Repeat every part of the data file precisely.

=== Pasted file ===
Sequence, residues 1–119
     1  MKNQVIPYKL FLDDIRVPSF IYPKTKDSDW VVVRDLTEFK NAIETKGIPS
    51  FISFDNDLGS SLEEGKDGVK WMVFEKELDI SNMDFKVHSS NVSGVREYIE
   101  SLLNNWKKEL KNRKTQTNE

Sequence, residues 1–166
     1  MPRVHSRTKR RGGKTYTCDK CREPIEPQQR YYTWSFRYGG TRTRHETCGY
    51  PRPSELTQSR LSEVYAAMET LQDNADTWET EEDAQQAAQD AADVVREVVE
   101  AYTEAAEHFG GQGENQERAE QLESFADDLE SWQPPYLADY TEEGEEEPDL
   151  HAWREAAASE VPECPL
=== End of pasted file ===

Sequence, residues 1–119
     1  MKNQVIPYKL FLDDIRVPSF IYPKTKDSDW VVVRDLTEFK NAIETKGIPS
    51  FISFDNDLGS SLEEGKDGVK WMVFEKELDI SNMDFKVHSS NVSGVREYIE
   101  SLLNNWKKEL KNRKTQTNE

Sequence, residues 1–166
     1  MPRVHSRTKR RGGKTYTCDK CREPIEPQQR YYTWSFRYGG TRTRHETCGY
    51  PRPSELTQSR LSEVYAAMET LQDNADTWET EEDAQQAAQD AADVVREVVE
   101  AYTEAAEHFG GQGENQERAE QLESFADDLE SWQPPYLADY TEEGEEEPDL
   151  HAWREAAASE VPECPL